Encampment and protest for Gaza and Palestine at George Washington University on April 26, 2024.
 Photo by Allison Fletcher Acosta

Moreover, the student movement poses a threat to Biden’s re-election bid, as the Democrats’ argument about ‘saving democracy’ against an ‘authoritarian’ Trump Presidency is undermined by Biden’s silence about the violent police tactics used against peaceful student protestors.

Students march, encamp for Palestine
Hundreds of Temple, Drexel and UPenn students marched in solidarity with Palestine to UPenn's campus on April 25, where professors walked out of classes. Students also set up tents in solidarity with the Columbia University student encampment.
Students march, encamp for Palestine
Hundreds of Temple, Drexel and UPenn students marched in solidarity with Palestine to UPenn’s campus on April 25, where professors walked out of classes. Students also set up tents in solidarity with the Columbia University student encampment. Image by Joe Piette.

Nevertheless, with the growing visibility of Jewish students in the movement, the attempts to weaponise anti-Semitism have failed to dent its vitality or threaten its legitimacy. One Columbia student firmly declared, ‘We are here to stand in solidarity with Palestine, and we refuse—our Jewish membership refuses—to equate that with antisemitism’. Neither have the hundreds of arrests and suspensions of student participants stemmed the movement’s growth. At Northeastern College in Boston, one arrested student defiantly reasserted the demand: ‘We want them to divest our money that we’re paying for tuition in firms that support Israel’, Another suspended Cornell University student confidently held that the university was taking punitive measures because it ‘truly fears the movement may succeed’.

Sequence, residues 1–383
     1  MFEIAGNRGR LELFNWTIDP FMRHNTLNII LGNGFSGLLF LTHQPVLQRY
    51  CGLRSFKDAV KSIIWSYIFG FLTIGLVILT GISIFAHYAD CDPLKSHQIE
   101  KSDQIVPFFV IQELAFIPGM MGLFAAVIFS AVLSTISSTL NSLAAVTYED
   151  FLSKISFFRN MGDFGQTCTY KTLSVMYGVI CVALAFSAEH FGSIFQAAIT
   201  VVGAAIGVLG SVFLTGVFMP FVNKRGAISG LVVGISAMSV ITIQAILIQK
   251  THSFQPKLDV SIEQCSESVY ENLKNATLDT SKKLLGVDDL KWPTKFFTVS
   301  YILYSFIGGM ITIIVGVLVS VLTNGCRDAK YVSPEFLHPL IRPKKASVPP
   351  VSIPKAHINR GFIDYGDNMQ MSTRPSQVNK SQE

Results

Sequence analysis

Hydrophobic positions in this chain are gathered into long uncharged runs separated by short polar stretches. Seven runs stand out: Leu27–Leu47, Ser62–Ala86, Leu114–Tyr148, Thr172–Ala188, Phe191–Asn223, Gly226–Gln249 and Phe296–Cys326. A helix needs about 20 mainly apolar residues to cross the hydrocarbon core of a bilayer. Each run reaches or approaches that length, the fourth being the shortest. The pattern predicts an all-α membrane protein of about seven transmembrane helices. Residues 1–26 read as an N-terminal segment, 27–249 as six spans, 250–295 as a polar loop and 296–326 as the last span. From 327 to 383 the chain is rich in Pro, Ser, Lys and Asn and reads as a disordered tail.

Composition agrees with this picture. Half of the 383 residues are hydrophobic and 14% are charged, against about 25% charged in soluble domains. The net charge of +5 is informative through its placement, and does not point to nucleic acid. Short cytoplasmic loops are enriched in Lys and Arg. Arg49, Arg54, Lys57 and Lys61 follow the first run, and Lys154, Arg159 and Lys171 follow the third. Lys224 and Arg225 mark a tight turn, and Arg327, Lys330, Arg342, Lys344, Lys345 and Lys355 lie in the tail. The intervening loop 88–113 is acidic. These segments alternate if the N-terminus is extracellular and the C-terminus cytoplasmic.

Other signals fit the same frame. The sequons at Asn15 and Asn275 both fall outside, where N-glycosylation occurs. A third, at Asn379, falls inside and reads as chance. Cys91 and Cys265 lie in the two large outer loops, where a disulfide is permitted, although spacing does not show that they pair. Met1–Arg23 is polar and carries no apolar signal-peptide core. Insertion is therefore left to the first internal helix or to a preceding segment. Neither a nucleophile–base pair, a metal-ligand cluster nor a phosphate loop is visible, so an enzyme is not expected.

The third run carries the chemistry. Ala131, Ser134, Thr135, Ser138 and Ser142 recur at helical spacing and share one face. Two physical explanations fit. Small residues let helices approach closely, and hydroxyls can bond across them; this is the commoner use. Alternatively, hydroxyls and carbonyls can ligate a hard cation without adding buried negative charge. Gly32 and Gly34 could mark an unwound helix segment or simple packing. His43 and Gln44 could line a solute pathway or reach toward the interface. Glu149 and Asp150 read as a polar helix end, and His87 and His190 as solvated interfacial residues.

How can we explain the emergence and timing of the recent university protests? Access to social media has allowed many to develop a counter-narrative to the prevailing one pedalled by US Democratic and Republican leaders. Months of exposure to the images of the misery and privation suffered by the Palestinian people have resulted in a swing in public opinion, as expressed by polls that show a plurality of respondents disapproving of Israel’s conduct of the war and the Biden administration’s political and military support for Israel. Among Americans under the age of 30, this opposition is even more pronounced.

Even during the early days of the war, opposition was mobilised. A national demonstration in Washington DC, in November drew a record number of participants. A network of local student groups, under the umbrella of the National Students for Justice in Palestine, continued to mount a steady campaign against the complicity of the universities in the war on Gaza. Moreover, students and young people were at the forefront of sit-ins in the rotunda of the Congressional building. They also blocked the major bridges in New York City and San Francisco and occupied the central railway station in Chicago.

In short, these militant direct action tactics generated greater publicity and visibility on the issue of the US government’s support for Israel’s war on Gaza. The university and college encampments, even when they come to an end, have become the latest chapter in the growth of the solidarity movement with the Palestinian people.

Main Image by Joe Piette